Poor Tom’s a-cold
William Shakespeare – King Lear Act 3 Scene 4 the blasted heath
Tom’s a-cold,– O, do de, do de, do de. Bless thee from whirlwinds, star-blasting, and taking! Do poor Tom some charity, whom the foul fiend vexes: there could I have him now,–and there,–and there again, and there.
Taking the Long View
This visit to Caesar’s Camp we struck out in a different direction and got different views.
A window looking out on a little courtyard. The smears on the stuff in the window looked like hands rising up to me. The mirror in the bottom image didn’t seem to be able to reflect me, and was angled in such a way as to create a little bit of a trompe l’oeil effect with the glass bowl in the reflection different from the stone bowl in the foreground.
What happens when you extend too far into the lane.
The Blasted Heath
One suggestion at the presentation of my haiku project was to create even more simplified images. I think this one might qualify, with its few simple lines.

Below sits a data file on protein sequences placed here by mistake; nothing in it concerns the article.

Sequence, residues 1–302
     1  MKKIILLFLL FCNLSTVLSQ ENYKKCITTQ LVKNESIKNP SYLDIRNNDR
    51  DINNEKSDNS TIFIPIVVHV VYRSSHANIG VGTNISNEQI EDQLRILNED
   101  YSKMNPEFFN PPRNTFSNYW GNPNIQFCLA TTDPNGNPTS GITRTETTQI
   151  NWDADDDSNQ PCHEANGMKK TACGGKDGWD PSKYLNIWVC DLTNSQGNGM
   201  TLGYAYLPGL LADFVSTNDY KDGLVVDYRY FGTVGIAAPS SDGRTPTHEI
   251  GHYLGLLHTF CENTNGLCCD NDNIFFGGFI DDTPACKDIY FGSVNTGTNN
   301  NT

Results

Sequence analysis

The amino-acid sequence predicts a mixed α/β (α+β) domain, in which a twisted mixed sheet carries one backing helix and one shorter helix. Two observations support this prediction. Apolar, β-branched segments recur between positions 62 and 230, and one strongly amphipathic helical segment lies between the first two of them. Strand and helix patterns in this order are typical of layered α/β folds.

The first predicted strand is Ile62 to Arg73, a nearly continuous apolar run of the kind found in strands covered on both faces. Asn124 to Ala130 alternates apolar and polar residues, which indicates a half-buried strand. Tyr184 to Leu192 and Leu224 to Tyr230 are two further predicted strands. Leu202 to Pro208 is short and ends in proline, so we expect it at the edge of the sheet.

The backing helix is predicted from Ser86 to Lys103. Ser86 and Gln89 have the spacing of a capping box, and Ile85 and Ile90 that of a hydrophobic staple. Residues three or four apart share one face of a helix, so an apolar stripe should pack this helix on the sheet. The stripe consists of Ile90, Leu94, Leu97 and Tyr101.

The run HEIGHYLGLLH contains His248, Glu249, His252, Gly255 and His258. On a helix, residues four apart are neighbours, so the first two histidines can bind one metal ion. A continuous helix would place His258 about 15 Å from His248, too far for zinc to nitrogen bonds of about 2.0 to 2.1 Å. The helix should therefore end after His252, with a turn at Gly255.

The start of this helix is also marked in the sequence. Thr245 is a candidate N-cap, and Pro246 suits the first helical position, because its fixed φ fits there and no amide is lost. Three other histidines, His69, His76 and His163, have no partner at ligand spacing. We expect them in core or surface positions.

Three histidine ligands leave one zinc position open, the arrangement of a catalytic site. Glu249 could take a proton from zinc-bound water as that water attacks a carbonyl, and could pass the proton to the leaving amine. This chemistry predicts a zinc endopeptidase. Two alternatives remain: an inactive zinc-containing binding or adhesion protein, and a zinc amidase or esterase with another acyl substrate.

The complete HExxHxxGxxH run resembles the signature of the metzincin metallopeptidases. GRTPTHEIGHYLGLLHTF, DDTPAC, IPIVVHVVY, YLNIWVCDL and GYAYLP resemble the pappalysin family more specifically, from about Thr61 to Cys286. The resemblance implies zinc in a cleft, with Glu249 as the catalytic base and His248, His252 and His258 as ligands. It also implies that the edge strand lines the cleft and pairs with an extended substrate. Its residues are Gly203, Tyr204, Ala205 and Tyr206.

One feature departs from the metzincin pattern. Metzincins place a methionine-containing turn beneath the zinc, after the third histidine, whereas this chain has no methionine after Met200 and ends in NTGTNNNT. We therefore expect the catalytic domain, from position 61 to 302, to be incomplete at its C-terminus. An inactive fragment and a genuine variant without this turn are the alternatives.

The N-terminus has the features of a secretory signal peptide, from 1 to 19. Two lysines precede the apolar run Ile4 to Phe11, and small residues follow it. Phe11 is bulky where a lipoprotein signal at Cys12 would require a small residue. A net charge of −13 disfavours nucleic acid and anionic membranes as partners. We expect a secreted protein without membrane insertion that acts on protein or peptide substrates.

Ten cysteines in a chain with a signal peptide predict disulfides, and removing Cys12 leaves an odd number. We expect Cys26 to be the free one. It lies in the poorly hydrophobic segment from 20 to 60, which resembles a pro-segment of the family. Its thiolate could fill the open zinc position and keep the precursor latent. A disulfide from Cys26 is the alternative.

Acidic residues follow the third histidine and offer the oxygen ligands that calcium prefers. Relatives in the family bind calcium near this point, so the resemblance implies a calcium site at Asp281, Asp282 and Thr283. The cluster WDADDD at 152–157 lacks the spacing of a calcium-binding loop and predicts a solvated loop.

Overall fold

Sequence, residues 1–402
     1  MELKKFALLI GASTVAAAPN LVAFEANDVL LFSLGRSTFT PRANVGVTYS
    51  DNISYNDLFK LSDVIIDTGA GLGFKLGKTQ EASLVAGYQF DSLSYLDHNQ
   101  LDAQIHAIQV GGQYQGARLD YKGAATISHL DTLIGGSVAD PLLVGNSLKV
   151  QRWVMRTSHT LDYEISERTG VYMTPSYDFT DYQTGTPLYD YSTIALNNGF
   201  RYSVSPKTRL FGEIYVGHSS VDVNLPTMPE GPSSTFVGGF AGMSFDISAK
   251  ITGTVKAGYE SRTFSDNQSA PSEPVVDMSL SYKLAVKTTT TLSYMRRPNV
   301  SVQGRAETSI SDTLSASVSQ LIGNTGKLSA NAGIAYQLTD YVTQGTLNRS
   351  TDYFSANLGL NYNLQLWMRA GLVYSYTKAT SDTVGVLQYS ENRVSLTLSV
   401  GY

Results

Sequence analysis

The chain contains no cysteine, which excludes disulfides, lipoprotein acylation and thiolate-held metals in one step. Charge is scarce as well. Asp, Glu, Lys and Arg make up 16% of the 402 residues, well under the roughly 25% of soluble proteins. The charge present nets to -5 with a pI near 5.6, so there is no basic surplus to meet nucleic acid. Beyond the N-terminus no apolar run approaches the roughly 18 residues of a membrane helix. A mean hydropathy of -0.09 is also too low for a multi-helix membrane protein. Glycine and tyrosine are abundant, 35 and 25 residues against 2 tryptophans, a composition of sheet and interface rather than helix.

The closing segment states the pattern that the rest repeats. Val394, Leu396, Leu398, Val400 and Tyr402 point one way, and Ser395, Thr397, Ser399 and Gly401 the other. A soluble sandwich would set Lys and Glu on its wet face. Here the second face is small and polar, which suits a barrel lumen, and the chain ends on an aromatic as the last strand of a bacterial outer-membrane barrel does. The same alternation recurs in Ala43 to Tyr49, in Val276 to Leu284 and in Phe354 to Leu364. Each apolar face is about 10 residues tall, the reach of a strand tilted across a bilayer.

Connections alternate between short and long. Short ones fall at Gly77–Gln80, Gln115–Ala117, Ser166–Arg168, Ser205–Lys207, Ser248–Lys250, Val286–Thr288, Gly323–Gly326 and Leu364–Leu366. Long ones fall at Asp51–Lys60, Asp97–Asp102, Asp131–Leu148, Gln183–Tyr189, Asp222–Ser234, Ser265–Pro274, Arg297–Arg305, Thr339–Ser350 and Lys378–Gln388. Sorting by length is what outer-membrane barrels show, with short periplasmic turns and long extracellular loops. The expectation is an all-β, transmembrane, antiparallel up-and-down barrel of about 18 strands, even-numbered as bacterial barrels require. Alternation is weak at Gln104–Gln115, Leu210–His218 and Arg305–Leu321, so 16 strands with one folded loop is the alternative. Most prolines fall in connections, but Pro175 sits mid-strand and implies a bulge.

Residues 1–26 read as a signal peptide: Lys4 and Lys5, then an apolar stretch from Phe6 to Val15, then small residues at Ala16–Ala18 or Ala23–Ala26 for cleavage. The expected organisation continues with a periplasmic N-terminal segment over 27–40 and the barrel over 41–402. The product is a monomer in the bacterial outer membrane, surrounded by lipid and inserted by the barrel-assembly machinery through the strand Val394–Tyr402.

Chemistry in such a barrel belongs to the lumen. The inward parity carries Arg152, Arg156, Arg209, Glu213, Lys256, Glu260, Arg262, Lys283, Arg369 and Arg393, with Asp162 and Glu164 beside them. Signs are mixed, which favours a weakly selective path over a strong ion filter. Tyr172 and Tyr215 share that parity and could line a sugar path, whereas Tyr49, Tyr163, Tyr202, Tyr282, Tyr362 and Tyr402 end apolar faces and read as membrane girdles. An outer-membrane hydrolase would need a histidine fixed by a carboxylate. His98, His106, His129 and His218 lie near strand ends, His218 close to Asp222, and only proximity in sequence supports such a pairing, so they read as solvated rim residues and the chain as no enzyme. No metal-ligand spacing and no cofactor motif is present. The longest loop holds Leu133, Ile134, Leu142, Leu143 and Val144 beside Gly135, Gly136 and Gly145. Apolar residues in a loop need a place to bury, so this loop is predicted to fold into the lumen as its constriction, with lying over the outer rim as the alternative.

Tree Portrait at Dusk
Presenting my final work on the haiku project and our lecturer suggested I had further to go, particularly in continuing to simplify and abstract the images.
Written in the Branch
Leaf and Trunk Contrast
Last Leaf of the Season
Perfect for the haiku project?
Strange Purple Brambles
Safely back in the UK for a day or two, now I still have a surfeit of NY pictures to work through for the coming week or so…
Petals on a Dry Brown Bough
Another haiku candidate…? Signs of emptiness and seasonal change.
Our walk is almost over and here’s another possibility for the Pound haiku project.
By this point we had a good idea where we were but not sure how far we had to go.
Yet another candidate for the haiku project, with a sense of emptiness in the vertically protruding branches and a kind of calligraphy, as well as a strong sense of the changing season.